Mosha's Top Tips For Dressing in Iceland

What To Wear and Pack For Iceland: Mosha Lundström Halbert's Top Tips

I often get asked what to wear when visiting Iceland. Since I have lived in Iceland, got married in Iceland, and travel to Iceland multiple times a year, I've become a go-to source for people who are venturing to this wonderful country themselves.

I thought it might be helpful to provide a guide on dressing for Iceland like a local pro, year round.

1.) It's all about layers. From trim underpinnings such as turtlenecks and Henleys, to fine knits, and chunky sweaters, I recommend bringing a full selection of thermal base layers and warm socks too. As the temperature in Iceland changes dramatically almost daily, I always bring bodysuits to wear underneath traditional Nordic knits. Icelandic wool is the warmest, but it can be a bit itchy.

2.) Water-proof yourself. Wet weather in Iceland occurs every season (if not almost every day) and you need to come prepared. Mixed with strong winds, it can feel like the rain is coming at you sideways. A water-repellent coat to throw over everything is essential, and you definitely want one with a hood. I also recommend footwear that can withstand water.

3.) Warm coats are key. No matter the time of year, I always pack at least three coats when visiting Iceland: one rain-repellent hooded coat such as our Aurora trench, one lightweight cocoon coat (my current favorite is the Therma Kota Hulda reversible style), and a shearling coat (or two), which is a cozy and cool essential and versatile enough for exploring nature, looking chic around Reykjavik and traveling in style. I'm biased, but I love how easy our shearling coats are to dress up or down and they are also super essential for the chilly airplane cabin.

4.) Carefully consider your shoes. It's personally offensive to me when tourists visit Iceland and treat it like a sartorial camping ground, dressed in head-to-toe hiking gear even in the city. Thus, while a cool pair of hiking boots is a great idea of countryside explorations, make sure you bring a selection of modern flat, low, and medium-heels boots too. Opt for durable materials like patent, grain-leather, and nylon. After all, a stylish pair of shoes and statement coat will elevate more casual basics. During snowy season (October through April) I also love to bring insulated winter boots with all-weather lug soles for traction.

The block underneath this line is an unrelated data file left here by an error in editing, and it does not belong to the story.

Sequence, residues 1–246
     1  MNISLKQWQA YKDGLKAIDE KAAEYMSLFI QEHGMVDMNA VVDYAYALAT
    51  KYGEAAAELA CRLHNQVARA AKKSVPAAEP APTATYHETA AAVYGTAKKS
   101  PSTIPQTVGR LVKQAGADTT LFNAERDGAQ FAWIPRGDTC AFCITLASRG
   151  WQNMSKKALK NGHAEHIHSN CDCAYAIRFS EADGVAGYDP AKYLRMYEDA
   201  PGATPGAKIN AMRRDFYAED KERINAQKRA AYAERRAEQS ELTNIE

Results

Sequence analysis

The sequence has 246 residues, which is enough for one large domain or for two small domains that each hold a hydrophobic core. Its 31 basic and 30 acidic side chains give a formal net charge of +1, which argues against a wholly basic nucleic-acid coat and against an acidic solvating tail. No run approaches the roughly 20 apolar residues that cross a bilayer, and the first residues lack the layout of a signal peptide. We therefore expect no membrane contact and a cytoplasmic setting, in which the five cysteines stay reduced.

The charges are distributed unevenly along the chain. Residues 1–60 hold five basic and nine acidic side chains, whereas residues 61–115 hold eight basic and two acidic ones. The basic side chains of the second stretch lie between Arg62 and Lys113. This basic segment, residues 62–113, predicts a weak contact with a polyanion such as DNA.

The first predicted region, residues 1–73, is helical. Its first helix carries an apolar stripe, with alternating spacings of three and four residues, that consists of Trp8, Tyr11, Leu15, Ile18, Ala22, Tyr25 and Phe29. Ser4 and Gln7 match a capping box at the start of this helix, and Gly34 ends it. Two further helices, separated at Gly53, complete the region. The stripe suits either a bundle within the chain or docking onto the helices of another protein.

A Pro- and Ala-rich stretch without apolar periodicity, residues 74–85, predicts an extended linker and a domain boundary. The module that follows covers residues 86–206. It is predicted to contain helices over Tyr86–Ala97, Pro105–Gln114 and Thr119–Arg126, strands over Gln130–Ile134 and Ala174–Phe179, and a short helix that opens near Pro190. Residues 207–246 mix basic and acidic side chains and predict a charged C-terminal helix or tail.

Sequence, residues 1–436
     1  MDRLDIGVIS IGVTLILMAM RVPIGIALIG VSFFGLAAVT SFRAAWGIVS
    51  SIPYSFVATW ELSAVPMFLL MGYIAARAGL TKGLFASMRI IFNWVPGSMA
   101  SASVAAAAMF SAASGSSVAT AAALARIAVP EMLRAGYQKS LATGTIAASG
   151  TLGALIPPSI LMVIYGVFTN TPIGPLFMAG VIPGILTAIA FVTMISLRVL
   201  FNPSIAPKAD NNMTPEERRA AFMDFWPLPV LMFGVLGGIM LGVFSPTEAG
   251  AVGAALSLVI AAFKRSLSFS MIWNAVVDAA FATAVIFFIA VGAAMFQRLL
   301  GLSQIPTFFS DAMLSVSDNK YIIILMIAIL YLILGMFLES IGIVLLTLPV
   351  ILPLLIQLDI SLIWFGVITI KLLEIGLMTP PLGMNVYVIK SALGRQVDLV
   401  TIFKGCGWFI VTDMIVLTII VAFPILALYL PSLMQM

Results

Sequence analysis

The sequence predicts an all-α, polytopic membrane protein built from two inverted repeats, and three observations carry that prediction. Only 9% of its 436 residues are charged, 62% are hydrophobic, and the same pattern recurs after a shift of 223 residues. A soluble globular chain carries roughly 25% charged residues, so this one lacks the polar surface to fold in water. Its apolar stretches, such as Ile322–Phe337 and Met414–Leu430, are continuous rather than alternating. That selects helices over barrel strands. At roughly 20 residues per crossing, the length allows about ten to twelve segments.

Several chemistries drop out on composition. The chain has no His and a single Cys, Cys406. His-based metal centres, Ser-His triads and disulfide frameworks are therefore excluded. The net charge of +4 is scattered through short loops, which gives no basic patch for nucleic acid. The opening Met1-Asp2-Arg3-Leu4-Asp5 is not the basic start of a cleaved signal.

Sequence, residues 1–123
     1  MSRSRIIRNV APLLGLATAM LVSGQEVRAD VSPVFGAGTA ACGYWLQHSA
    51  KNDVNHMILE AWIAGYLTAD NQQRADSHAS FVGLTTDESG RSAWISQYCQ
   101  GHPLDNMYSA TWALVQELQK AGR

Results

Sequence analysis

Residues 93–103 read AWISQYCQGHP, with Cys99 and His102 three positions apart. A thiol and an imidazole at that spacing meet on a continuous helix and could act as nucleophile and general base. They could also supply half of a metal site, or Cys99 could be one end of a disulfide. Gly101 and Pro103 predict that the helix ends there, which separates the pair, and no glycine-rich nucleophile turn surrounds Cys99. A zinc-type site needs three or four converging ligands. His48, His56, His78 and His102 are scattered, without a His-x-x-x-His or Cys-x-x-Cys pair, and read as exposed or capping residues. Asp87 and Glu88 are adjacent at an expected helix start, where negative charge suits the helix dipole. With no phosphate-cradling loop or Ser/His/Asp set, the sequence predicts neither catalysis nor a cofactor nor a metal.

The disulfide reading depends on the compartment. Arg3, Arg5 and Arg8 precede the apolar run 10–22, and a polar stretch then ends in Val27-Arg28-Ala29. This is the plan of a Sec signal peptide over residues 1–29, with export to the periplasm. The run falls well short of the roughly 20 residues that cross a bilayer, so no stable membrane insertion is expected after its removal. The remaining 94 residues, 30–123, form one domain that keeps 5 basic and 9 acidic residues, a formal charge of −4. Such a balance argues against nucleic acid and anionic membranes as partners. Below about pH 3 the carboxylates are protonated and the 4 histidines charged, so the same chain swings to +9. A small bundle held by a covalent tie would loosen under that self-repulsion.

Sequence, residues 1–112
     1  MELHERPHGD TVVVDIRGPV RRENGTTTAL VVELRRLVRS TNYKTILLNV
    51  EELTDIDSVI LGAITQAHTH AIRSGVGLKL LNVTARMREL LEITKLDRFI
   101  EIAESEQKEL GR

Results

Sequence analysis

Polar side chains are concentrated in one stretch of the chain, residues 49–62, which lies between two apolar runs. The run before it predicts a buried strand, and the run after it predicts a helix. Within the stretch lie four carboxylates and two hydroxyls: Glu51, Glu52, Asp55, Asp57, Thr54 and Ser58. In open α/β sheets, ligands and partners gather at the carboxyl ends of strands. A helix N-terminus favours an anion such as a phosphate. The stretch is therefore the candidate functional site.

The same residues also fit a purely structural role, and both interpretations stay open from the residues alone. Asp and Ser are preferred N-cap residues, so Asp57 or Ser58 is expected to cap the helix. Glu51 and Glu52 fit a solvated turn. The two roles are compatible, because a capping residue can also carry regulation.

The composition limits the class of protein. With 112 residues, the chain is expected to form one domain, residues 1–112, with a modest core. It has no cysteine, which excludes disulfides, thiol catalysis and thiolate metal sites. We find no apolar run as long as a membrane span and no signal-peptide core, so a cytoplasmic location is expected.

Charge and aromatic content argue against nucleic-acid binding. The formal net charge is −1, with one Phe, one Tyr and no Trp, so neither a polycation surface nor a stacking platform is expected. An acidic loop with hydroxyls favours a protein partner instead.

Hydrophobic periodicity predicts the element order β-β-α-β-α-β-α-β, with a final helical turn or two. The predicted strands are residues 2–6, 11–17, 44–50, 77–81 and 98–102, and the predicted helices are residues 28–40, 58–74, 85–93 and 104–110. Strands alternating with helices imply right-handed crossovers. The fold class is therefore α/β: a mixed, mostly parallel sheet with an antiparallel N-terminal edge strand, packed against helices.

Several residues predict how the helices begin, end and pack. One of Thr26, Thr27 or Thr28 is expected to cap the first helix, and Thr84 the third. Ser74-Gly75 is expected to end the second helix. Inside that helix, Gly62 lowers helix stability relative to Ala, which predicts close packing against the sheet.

5.) Dress up, Scandi-style. Iceland is a very visually impressive country, and this also refers to the people, dining, and the design scene. This is Scandivania, after all, where aesthetics and experimentation are in-grained in every element of life. Dress according to these stunning surroundings by making sure you bring your fashion A-game: great coats and shoes make all the difference, as does sharp tailoring and something sparkly for evening. Icelanders love to dress up, especially for summer's endless nights and the festive holiday season, where a more is more approach is embraced by the locals. I highly recommend popping into my friend Hildur Yeoman's store in Reykjavik to to scoop up her glamorous dresses, sequin jumpsuits, and danceable heels.

6.) Accessorize wisely. Wool hats, shearling gloves, and shield sunglasses make all the difference when the wind, cold air and horizontal rain are in full swing. Also make sure you bring the right handbags: something smart in a nylon, patent or durable leather, and a packable tote bag for bringing to the swimming pools.

7.) Don't forget. Be sure to pack multiple swimsuits (if you forget yours, our friend Erna's Swimslow one-pieces are our go-to), a pair of flip flops or shower sandals for the pools (I like EVA Birkenstocks, as they weigh next to nothing), good hair conditioner (the geothermal pools can be so mineral rich that they dry out your hair, visit Slippurinn Hárgreiðslustofa for a Davines hair masque), facial mineral sunscreen for those powerful arctic rays (I Iike the Algenist), face oil (Amandine Botanicals makes a good one), and a nourishing lip balm such as By Terry. Stop by beauty emporium Madison if you forget any skincare essentials.

Mosha and sister Sophie Lundstrom Halbert on location shooting therma kota campaign in Reykjavik.JPG
Mosha in OLAVIA in Moss.JPG
Mosha in ESJA in leather-free ultrasuede wool shearling coat in Silica.JPG
Mosha in OLAVIA CROP in Lava.JPG


Therma Kota